Abortion limit reduction favoured by Jeremy Hunt

 
woman sitting on bench Department of Health figures show there were 190,000 abortions in England and Wales last year

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Health Secretary Jeremy Hunt has said he would favour a change in the law to halve the limit on abortions from 24 weeks into a pregnancy to 12.

His comments to the Times came after Women's Minister Maria Miller called for a 20-week limit.

The home secretary said she would also "probably" back a change to 20 weeks but reiterated Number 10's view that there were no plans to change the law.

The remarks have prompted criticism from some pro-choice campaign groups.

A Downing Street spokesman insisted Mr Hunt - who was speaking ahead of the Conservative conference - was expressing purely personal views.

Later Prime Minister David Cameron stressed abortion was an "issue of conscience" and Mr Hunt was "absolutely entitled to hold an individual view".

"But people need to know the government has got no plans to bring forward any legislation in this area and any vote that does happen will be a free vote," he said.

Mr Cameron added he "personally" favoured a "modest reduction" from the current limit of 24 weeks, "because I think there are some medical arguments for that".

"But I don't agree with the 12-week limit and that's not the government's policy," he said.

'Scope for reduction'

The 24 week limit applies to England, Wales and Scotland. Abortion is illegal in Northern Ireland except in exceptional medical circumstances, such as when the mother's health is at risk.

There were nearly 190,000 abortions for women in England and Wales last year.

The figures, from the Department of Health, also suggest the vast majority - 91% - were carried out in under 13 weeks.

Welsh Health Minister, Lesley Griffiths, said: "I've read Jeremy Hunt's remarks about reducing the time limit and this is something that I cannot countenance as being in the best interests of women in Wales.

"Should the UK government make any formal proposals to change the law, I will be strongly opposing such a move."

"Women, not the health secretary, are the best judges and the best makers of moral decision"

Mr Hunt told the Times he felt 12 weeks was "the right point".

He said he wants to see a significant reduction in the limit which would prevent almost all abortions past that time.

The new health secretary, who is only a few weeks into his job, said he had reached the conclusion after studying the evidence.

"It is just my view about that incredibly difficult question about the moment that we should deem life to start.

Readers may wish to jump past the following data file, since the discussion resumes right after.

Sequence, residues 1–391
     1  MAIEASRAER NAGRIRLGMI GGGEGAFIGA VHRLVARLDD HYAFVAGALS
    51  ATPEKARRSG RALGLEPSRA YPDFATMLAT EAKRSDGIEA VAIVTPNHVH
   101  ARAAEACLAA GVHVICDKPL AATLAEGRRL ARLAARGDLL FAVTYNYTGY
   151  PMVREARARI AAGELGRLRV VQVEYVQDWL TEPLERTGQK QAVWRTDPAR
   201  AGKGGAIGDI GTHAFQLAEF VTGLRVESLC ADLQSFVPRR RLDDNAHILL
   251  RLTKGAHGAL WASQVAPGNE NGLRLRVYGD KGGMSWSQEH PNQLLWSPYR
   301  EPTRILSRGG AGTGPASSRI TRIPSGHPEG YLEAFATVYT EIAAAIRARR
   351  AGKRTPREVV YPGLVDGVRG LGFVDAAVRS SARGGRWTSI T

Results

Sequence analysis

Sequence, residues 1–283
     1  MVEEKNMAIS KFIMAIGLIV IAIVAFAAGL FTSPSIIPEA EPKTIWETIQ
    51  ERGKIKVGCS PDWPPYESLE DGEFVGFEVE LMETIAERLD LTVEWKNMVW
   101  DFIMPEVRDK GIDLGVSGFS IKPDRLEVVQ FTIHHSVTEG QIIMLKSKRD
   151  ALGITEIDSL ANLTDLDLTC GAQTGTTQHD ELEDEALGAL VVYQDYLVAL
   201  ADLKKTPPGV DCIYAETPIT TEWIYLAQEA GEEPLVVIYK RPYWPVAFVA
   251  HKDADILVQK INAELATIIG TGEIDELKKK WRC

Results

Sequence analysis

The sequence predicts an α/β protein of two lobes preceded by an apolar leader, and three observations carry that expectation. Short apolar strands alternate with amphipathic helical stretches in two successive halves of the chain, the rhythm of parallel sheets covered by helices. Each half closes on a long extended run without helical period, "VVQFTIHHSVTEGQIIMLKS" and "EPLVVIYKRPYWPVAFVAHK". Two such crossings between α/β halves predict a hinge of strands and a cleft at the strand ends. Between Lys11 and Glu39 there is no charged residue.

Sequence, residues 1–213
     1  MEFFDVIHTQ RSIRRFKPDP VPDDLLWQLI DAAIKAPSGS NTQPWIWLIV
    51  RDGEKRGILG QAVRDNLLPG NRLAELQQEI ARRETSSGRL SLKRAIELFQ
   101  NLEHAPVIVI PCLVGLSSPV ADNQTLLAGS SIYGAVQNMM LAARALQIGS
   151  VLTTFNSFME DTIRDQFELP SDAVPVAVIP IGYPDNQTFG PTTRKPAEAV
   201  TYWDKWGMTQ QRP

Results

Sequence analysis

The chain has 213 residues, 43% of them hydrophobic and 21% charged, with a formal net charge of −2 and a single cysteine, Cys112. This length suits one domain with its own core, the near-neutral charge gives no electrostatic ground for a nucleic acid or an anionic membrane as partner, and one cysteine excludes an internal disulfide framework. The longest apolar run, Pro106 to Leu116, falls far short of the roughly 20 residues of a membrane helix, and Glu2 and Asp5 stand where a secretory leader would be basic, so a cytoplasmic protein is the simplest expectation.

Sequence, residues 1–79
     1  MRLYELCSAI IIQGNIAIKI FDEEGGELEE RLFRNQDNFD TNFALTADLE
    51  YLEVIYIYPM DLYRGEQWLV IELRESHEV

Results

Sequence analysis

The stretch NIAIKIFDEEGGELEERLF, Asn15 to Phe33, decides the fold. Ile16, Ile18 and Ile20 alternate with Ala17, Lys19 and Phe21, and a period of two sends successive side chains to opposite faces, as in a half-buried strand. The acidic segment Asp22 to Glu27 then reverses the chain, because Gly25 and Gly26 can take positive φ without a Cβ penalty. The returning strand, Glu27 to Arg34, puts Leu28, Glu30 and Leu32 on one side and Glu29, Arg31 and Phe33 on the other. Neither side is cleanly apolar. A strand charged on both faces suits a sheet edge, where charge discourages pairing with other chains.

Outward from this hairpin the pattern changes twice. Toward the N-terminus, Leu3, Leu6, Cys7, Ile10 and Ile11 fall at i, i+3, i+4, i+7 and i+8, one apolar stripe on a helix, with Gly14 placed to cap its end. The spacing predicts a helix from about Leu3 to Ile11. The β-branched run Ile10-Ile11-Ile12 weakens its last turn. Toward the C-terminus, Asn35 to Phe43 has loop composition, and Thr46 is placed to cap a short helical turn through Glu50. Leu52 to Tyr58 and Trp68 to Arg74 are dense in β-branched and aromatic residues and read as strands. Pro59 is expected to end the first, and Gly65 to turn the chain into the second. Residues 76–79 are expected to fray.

"I don't think the reason I have that view is for religious reasons."

Labour shadow public health minister, Diane Abbott, said ministers should not be "playing politics with people's lives".

She said there was a "sustained ideological attack on the science and the rights that British women and families have fought for".

But speaking on BBC Radio 4's Today programme, Home Secretary Theresa May said the government was "right" to take the position it had, reiterating there were "no plans to reduce the abortion limit".

She added: "I think there is some scope for some reduction. My own view is probably a reduction to 20 weeks, but as I say that is a personal view of mine."

The Department of Health also said Mr Hunt had expressed his own opinion and the government's policy on abortion was clear.

'Lack of understanding'

Earlier this week, Ms Miller told the Daily Telegraph the legal abortion limit should be lowered to 20 weeks because care for extremely premature babies had improved.

Conservative MP Mark Pritchard, vice chairman of a parliamentary pro-life group, also said the limit should be cut.

Start Quote

Abortion is an absolutely key part of women's healthcare - clearly he hasn't looked at the scientific evidence around this ”

End Quote Darinka Aleksic Abortion Rights

"The existing laws on abortion lag well behind recent breakthroughs in science," he said.

Darinka Aleksic, from pressure group Abortion Rights, said it was "absolutely outrageous" that the health secretary wants to "radically restrict access to those services".

"Abortion is an absolutely key part of women's healthcare. Clearly he hasn't looked at the scientific evidence around this at all because there's no medical basis for reducing the abortion time limit," she said.

Professor Wendy Savage, a gynaecologist who has campaigned for years on women's rights, also told the BBC she had been left "speechless" by Mr Hunt's comments.

"It does not bode well that he's the secretary of state for health. What we really should be doing is decriminalising abortion."

Elsewhere, the British Pregnancy Advisory Service's Clare Murphy said the remarks reflected "a lack of understanding of why women need later services".

 

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  • rate this
    -5

    Comment number 20.

    One wonder what Diane Abbot think the Health Secretary ought to be doing if it's not "playing politics with people's lives". I thought that was his job, no?